There is a distinct change in the way that Amul presents itself today. “Amul has been conservative in its approach but it seems it has now turned aggressive, thanks to Sodhi. Various developments have taken place on marketing, advertising and new product range fronts,” says the MD of Sumul Dairy, Jayesh Desai. (Sumul Dairy is run by Surat District Co-operative Milk Producers Union, which is one of the 15-member unions of GCMMF.) “Design and packaging has also changed noticeably,” adds Desai.

From being involved in low-cost marketing for years, Sodhi has propelled Amul in a new trajectory, and has suddenly increased its high-cost activities. This amounts to real growth, says Harish Bijoor, a branding and marketing expert. “What used to be a very advertising-oriented approach is now witnessing an increased focus towards brand promotion through other channels like events. This has turned out very good for the brand in last one year,” says Bijoor.

Yet, despite all of this, GCMMF’s marketing and philosophy remains wedded to the path that the father of India’s ‘White Revolution’, Dr Verghese Kurien, paved, which according to Sodhi, focused on protecting the interest of its dairy farmers, numbering 3.1 million today. In the past two years, the farmers have received up to 40 per cent higher prices for the milk they supply to GCMMF dairies—Rs 460 to Rs 470 per kg fat in 2011-12 as compared to Rs 337 per kg fat. “This is our biggest achievement,” adds Sodhi.

Similarly, milk procurement by GCMMF has increased to 14 million litres per day in January, 2012 as compared to 11.9 million litres per day in the corresponding month last year. On the other hand, the turnover of the co-operative federation is likely to increase from Rs 8,000 crore in 2009-10 to Rs 12,000 crore in 2011-12.

Still, is there a catch in this farmer-centric worldview? Take, for example, the poultry business whose price decisions are consumer-centric versus Amul’s farmer-centric decisions. “Amul may be rightfully incentivising farmers by raising prices keeping farmers’ interests in mind. But both poultry and milk have almost same income elasticity, whereas the poultry businesses do not raise prices as much as Amul does for its milk,” says renowned economist YK Alagh who is also chairman of Institute of Rural Management, Anand (IRMA) and former member of the Planning Commission. “Hence, while poultry businesses have seen a growth of eight per cent, the dairy business, especially of Amul’s, which happens to be the industry leader, grows only by five per cent. Amul could increase its efficiency if it looks at pricing from consumers’ perspective,” adds Alagh.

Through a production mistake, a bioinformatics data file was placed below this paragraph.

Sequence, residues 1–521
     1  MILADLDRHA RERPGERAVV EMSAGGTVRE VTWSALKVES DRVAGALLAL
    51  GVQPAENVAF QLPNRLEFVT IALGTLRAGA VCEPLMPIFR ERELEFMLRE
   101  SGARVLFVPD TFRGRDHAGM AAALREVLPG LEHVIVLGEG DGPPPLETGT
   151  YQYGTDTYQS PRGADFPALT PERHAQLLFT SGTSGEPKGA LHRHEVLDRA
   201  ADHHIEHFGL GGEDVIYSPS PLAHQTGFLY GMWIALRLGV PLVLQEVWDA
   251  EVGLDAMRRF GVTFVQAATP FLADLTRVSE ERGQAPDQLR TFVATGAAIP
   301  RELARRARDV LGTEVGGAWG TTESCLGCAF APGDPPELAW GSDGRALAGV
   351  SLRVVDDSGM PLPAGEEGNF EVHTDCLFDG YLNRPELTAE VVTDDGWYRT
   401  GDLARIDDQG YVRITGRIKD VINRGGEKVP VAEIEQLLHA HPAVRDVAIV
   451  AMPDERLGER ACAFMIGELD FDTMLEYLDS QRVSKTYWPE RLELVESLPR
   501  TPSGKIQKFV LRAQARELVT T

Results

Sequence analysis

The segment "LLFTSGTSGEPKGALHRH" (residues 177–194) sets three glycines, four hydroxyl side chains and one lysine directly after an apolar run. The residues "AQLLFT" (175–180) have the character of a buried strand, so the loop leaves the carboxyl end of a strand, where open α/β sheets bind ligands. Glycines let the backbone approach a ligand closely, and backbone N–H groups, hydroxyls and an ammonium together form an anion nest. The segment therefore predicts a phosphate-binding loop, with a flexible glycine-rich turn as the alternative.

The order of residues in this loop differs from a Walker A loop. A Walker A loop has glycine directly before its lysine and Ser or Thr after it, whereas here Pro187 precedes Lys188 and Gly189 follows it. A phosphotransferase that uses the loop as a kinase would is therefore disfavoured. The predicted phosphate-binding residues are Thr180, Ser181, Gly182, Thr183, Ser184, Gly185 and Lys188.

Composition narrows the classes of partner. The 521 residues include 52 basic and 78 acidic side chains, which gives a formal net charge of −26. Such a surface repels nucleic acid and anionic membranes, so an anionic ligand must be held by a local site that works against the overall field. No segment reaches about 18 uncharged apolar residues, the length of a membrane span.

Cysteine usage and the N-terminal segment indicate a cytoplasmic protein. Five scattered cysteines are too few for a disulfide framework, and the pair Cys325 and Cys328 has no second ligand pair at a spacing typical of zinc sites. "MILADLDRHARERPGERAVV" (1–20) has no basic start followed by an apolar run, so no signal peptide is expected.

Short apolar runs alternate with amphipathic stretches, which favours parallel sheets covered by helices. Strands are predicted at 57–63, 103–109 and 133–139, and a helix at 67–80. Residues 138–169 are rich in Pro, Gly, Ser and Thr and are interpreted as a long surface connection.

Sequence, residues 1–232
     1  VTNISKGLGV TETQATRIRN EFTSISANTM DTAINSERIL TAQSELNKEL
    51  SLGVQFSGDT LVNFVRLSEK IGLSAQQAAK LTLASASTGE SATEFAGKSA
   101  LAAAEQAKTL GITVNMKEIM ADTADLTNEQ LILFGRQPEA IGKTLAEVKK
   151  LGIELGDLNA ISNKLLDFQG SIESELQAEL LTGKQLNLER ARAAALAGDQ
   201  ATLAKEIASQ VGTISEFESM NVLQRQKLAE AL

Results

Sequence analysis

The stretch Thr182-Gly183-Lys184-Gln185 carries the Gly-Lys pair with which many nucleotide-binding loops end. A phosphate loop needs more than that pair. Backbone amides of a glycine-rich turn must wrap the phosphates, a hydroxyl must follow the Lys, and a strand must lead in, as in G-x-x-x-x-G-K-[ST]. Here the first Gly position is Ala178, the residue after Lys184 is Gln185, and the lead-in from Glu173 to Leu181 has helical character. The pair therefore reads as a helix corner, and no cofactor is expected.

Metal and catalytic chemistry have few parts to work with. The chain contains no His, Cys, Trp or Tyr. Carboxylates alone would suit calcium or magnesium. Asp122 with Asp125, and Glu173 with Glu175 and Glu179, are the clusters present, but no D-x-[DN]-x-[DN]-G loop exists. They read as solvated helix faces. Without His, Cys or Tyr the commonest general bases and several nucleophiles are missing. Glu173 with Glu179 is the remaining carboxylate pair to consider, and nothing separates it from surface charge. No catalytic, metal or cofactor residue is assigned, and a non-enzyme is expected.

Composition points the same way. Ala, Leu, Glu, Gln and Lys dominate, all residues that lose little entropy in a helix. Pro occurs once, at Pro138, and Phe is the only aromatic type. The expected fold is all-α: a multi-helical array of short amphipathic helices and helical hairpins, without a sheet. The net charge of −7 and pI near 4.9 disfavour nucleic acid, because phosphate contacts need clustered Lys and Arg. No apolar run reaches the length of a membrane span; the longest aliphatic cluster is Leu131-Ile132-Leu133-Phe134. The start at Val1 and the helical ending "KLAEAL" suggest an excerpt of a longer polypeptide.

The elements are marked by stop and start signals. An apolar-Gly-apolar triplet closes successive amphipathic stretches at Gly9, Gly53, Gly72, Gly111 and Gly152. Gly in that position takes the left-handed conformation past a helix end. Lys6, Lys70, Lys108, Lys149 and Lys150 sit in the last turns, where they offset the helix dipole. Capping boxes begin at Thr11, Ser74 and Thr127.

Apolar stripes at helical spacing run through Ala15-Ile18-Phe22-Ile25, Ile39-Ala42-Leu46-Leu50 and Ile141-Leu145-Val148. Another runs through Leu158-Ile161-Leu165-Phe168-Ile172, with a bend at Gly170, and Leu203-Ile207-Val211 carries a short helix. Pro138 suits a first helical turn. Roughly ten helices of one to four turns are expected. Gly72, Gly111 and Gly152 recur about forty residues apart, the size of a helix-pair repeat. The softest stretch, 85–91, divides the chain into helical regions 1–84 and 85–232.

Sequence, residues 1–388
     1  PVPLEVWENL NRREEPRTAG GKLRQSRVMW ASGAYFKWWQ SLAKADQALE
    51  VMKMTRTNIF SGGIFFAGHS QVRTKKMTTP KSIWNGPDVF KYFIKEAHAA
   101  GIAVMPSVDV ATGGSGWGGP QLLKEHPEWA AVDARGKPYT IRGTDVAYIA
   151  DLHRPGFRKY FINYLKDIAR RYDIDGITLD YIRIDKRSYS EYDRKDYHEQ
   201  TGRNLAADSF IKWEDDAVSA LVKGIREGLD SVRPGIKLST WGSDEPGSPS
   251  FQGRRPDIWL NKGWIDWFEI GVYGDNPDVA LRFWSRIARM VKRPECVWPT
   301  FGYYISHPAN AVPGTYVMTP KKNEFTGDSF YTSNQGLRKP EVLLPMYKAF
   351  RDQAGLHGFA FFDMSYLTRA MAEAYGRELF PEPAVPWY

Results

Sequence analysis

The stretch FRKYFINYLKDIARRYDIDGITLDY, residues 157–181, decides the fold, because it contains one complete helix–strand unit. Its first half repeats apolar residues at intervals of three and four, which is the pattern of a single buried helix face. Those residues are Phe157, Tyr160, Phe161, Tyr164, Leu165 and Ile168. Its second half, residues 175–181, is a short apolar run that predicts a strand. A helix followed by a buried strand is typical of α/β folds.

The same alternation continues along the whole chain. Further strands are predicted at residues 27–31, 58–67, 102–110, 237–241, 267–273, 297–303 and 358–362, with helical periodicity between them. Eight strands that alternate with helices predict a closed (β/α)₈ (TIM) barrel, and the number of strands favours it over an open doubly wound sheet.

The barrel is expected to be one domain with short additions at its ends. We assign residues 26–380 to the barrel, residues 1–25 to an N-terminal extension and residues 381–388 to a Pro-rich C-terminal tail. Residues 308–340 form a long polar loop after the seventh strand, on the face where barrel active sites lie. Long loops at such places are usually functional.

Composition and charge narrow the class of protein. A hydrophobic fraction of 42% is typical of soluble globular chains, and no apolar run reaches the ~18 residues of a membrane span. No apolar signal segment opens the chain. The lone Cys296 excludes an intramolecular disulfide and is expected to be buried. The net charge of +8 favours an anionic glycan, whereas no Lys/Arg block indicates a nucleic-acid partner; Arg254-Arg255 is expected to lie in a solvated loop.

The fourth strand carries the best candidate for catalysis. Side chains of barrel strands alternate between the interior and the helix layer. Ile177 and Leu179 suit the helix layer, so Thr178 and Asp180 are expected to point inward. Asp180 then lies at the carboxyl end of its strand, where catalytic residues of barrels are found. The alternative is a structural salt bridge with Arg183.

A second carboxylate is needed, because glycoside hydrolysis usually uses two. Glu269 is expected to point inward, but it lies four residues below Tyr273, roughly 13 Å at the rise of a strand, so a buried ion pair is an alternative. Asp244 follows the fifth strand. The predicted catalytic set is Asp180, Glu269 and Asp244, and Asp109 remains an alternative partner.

Another thing for the company to watch out for is the very thing that has allowed it to grow at such a clip, namely its ferocious expansion into product categories. “This has resulted in a great degree of brand dissipation. Amul must now look to strongly consolidate its brand,” says Bijoor.

Now, though, the company will take a breather from its relentless pace in introducing new products to market and instead, is focusing on expanding its reach, says Sodhi. GCMMF is eyeing presence in 3,000 small towns in India, where it had no presence earlier. It will appoint 200 super dealers, each covering 15 small cities. Also, the number of Amul parlours is expected to rise to 7,000 this year from 6,000 as of June 2011. Explaining the rationale behind retail expansion, Sodhi said, “FDI retail is not in favour of farmers. We should be ready with our retail network, if FDI is allowed in retail.”

Dr. Kurien is no doubt nodding in emphatic approval.